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A spokesperson said: “The funding for an average primary class of 28 in Birmingham is £125,000 – above the national average of £115,000 for an equivalent-sized class. These amounts are to cover a full five-day week in term time.”
A more effective flu vaccine is available this winter for those aged 65 and over, which could prevent deaths and reduce the burden on the NHS.
The newly available ‘adjuvanted’ vaccine is expected to significantly boost effectiveness by improving the body’s immune response to the vaccine. This is important because typically, older adults’ bodies do not respond as well to the flu vaccine due to their naturally weaker immune systems. Older adults are also more likely to suffer complications from flu.
The broader flu vaccination programme will also be improved by offering all eligible adults under 65, including pregnant women and those with long-term health conditions, the ‘quadrivalent’ vaccine in injected form.
This protects against a total of four strains of flu; two strains of flu A and two strains of flu B.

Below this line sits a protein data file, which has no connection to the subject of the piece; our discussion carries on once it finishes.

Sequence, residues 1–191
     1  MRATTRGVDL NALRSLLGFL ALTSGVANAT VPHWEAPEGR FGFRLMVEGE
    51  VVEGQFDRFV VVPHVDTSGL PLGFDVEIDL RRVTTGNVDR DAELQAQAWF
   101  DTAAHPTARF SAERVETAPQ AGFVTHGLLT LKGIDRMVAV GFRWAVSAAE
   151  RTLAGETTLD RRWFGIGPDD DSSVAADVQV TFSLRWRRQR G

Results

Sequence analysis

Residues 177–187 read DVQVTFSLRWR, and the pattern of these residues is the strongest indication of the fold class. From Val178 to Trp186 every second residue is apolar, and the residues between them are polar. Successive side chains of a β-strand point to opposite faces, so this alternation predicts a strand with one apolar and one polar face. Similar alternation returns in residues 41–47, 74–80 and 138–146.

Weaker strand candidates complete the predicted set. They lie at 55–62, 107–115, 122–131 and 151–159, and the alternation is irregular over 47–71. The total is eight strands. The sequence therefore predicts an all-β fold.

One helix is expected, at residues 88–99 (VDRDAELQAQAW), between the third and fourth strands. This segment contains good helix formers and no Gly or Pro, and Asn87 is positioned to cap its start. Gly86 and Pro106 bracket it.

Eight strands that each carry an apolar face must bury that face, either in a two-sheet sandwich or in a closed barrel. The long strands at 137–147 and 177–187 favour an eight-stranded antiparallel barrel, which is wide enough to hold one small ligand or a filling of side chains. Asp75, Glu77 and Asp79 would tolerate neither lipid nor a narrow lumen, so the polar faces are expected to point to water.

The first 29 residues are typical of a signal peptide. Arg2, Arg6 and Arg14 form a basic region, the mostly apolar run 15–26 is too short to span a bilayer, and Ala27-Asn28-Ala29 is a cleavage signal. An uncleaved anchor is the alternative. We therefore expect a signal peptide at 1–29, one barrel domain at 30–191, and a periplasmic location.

Why would anyone have a pension with the company for whom they work?
Thinking of Carillion and BHS here.
The way it seems to work is that you allow your employer to hive off some of your money from every pay packet and if they are still around when you retire you might get something back.
You might, however, end up with absolutely nothing depending on whether or not the company chooses to make good on it or not.
I use the word "chooses" in part to imply that there don't seem to be any "rules". If the company is mismanaged and/or fraud is involved, you could lose everything and seem to have no standing whatsoever regardless of your contributions.
Maybe there are rules that the companies are supposed to abide by, but not doing so appears to bring no penalty. Therefore there are, in effect, no rules. It's like having the law, but not having any police.
Why would any company want to put capital into a pension fund for people who aren't going to be working for the business anyway when they start drawing it? It's dead money. Dividends are much more juicy and "in the now".
Is having a "company pension" some historical legacy thing?
Is there supposed to be some protection for people who've paid in for decades, done nothing wrong themselves, but now have nothing to retire with?
Is it "their fault" for "choosing the wrong pension scheme", the buyer should have been more careful and shopped around?
There surely must be some legislation on the subject but whatever it is, it doesn't seem to be effective.
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